Respondent claims that he continuously refused to accept, much less count, the offered
wad of money. Because of such refusal, according to respondent, Lim inserted the wad of
money in respondents shoulder bags open pocket while complainant Lim was still pleading to
count the wad of money.
Respondent alleges that the alleged bribery or extortion is a mere concoction of
complainant and as leverage for the cases against Lim and Tan.
Based on the NBI report, this case appears to be an entrapment operation. Notably, Atty.
Don Hernandez and his team of arresting officers confirm the entrapment operation against
respondent on the basis of complainant Lims call for NBI assistance.
While respondent alleges that complainant Lim merely concocted a charge of extortion
against him in retaliation to a complaint for theft which he had filed, it may be noted that the
complaint for theft was not directed against Lim but only against his workers who were accused
by respondent. Hence, there appears to be no strong reason for Lim to resort to a countercharge for extortion against respondent.
The Commission on Bar Discipline of the IBP concluded that it is highly improbable that the
NBI could be misled by complainant Lim into conducting an entrapment operation against
respondent, if there was no merit to his complaint against respondent. From a reading of the
NBI Report as well as the documents attached to said report, it is evident that the NBI
considered the merits of Lims complaint of extortion against respondent. Finding it worth
pursuing, the NBI conducted an entrapment operation against respondent. On the basis of the
entrapment operation conducted by the NBI, respondent was caught in the act, so to speak, of
attempted extortion. Respondent was brought to the City Prosecutor of Manila for inquest and
the appropriate complaint for Robbery/Extortion was filed against respondent.[15]
Based on its own evaluation and the NBI Report, the Investigating Commissioner of the
Commission on Bar Discipline recommended the suspension of respondent from the practice of
law for a period of two years.[16]
In the final resolution dated September 27, 2003, the Board of Governors of the IBP
imposed the penalty of disbarment for the reason that respondent in fact attempted to extort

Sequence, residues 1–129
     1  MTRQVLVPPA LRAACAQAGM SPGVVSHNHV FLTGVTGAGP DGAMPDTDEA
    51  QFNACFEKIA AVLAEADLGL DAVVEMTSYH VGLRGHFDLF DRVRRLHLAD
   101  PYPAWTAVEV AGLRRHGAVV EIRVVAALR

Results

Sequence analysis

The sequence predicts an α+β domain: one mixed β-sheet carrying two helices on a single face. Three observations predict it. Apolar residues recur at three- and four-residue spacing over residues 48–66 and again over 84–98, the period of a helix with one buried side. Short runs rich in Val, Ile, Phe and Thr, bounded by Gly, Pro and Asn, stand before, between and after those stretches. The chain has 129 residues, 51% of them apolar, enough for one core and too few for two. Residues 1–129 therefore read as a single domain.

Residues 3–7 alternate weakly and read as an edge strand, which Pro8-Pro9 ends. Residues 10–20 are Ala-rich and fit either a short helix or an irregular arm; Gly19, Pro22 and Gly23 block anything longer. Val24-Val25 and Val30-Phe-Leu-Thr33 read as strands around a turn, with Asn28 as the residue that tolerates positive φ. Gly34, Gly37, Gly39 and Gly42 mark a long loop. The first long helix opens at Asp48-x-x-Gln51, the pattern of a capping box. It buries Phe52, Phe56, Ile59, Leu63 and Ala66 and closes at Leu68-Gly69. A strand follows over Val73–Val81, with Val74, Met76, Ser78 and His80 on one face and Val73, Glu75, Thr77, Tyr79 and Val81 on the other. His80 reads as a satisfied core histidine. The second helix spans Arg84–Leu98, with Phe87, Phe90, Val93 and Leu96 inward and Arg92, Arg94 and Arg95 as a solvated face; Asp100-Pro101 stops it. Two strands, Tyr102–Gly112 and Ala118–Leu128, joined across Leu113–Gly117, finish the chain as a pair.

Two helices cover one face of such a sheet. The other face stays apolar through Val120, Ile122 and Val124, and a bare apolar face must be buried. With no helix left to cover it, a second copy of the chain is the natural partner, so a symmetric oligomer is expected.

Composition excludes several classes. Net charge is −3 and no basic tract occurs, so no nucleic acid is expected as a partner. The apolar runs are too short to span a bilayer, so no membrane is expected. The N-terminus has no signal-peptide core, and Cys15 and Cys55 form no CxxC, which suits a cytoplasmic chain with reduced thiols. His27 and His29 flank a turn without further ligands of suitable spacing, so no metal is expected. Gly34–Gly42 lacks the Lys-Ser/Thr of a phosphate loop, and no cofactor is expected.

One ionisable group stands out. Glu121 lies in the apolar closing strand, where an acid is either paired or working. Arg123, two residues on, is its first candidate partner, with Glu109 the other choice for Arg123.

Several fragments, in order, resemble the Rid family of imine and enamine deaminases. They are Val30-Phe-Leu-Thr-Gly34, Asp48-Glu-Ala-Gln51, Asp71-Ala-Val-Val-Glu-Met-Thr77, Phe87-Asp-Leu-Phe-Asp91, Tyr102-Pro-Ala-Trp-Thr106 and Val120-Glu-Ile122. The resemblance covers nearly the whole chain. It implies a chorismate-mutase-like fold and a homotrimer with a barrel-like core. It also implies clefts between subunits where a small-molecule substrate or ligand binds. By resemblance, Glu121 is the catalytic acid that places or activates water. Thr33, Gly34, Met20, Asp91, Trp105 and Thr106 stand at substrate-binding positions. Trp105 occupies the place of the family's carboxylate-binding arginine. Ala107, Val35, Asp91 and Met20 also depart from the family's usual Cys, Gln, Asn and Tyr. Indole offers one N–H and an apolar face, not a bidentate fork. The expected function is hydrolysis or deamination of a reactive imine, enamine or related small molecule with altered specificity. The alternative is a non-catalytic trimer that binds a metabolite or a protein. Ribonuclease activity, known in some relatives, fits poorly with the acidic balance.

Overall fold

money as Chief of the Public Assistance Center of the NLRC to threaten/coerce Lim and that no
less than the NBI caught him in the act of receiving and counting the money extorted from Lim.

The grounds for disbarment or suspension of an attorney are: (1) deceit; (2) malpractice or
other gross misconduct in office; (3) grossly immoral conduct; (4) conviction of a crime involving
moral turpitude; (5) violation of the lawyers oath; (6) willful disobedience of any lawful order of a
superior court; and (7) willfully appearing as an attorney for a party without authority.[18]
The NBI found that respondents hands had yellow fluorescent specks and smudges with
which the money used for the entrapment of the respondent had been powdered. We find no
reason to doubt the NBI report. Also, we see no basis to overturn the presumption that the NBI
had done its duty regularly.
Respondent would make us believe that the specks and smudges of yellow fluorescent
were in his hands because Lim offered him what was allegedly the payment for the stolen

cellphone by a certain Gonvan. Regrettably, there is no corroboration from Gonvan nor anyone
else on this matter. Thus, respondents story appears to us entirely self-serving.
We had held previously that if a lawyers misconduct in the discharge of his official duties as
government official is of such a character as to affect his qualification as a lawyer or to show
moral delinquency, he may be disciplined as a member of the Bar on such ground. [19] More
significantly, lawyers in government service in the discharge of their official tasks have more
restrictions than lawyers in private practice. Want of moral integrity is to be more severely
condemned in a lawyer who holds a responsible public office. [20] Rule 1.02 of the Code of